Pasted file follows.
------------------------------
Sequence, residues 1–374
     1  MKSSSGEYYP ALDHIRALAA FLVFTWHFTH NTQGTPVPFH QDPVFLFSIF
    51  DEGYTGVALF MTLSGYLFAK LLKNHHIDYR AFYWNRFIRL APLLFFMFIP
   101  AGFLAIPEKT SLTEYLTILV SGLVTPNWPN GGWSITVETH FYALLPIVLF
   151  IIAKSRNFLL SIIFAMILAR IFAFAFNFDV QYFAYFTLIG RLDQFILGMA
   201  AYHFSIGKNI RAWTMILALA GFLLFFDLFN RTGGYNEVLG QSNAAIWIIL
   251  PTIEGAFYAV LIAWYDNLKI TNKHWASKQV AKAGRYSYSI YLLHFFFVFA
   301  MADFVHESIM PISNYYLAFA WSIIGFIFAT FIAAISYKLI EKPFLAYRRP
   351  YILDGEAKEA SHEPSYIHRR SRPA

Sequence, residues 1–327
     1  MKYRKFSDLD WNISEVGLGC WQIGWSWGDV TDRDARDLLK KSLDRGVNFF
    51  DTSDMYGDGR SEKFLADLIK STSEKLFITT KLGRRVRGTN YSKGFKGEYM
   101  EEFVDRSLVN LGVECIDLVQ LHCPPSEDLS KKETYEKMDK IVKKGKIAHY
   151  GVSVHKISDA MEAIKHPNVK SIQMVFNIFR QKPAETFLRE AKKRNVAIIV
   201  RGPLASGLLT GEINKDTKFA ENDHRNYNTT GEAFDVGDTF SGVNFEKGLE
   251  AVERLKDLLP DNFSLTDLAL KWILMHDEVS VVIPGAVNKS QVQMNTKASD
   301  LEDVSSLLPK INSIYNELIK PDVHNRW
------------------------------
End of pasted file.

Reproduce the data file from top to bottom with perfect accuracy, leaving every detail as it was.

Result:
Sequence, residues 1–374
     1  MKSSSGEYYP ALDHIRALAA FLVFTWHFTH NTQGTPVPFH QDPVFLFSIF
    51  DEGYTGVALF MTLSGYLFAK LLKNHHIDYR AFYWNRFIRL APLLFFMFIP
   101  AGFLAIPEKT SLTEYLTILV SGLVTPNWPN GGWSITVETH FYALLPIVLF
   151  IIAKSRNFLL SIIFAMILAR IFAFAFNFDV QYFAYFTLIG RLDQFILGMA
   201  AYHFSIGKNI RAWTMILALA GFLLFFDLFN RTGGYNEVLG QSNAAIWIIL
   251  PTIEGAFYAV LIAWYDNLKI TNKHWASKQV AKAGRYSYSI YLLHFFFVFA
   301  MADFVHESIM PISNYYLAFA WSIIGFIFAT FIAAISYKLI EKPFLAYRRP
   351  YILDGEAKEA SHEPSYIHRR SRPA

Sequence, residues 1–327
     1  MKYRKFSDLD WNISEVGLGC WQIGWSWGDV TDRDARDLLK KSLDRGVNFF
    51  DTSDMYGDGR SEKFLADLIK STSEKLFITT KLGRRVRGTN YSKGFKGEYM
   101  EEFVDRSLVN LGVECIDLVQ LHCPPSEDLS KKETYEKMDK IVKKGKIAHY
   151  GVSVHKISDA MEAIKHPNVK SIQMVFNIFR QKPAETFLRE AKKRNVAIIV
   201  RGPLASGLLT GEINKDTKFA ENDHRNYNTT GEAFDVGDTF SGVNFEKGLE
   251  AVERLKDLLP DNFSLTDLAL KWILMHDEVS VVIPGAVNKS QVQMNTKASD
   301  LEDVSSLLPK INSIYNELIK PDVHNRW